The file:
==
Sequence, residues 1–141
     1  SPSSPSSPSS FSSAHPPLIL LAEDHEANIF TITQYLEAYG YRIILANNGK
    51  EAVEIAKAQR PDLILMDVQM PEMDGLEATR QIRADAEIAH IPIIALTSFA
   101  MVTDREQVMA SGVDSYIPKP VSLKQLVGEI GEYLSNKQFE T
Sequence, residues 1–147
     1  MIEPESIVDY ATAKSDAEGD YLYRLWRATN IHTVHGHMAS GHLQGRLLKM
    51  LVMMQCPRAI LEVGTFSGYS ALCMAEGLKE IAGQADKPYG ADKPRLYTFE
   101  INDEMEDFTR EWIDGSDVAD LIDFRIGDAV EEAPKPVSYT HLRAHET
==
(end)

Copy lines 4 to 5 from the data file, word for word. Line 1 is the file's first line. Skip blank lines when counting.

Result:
   101  MVTDREQVMA SGVDSYIPKP VSLKQLVGEI GEYLSNKQFE T
Sequence, residues 1–147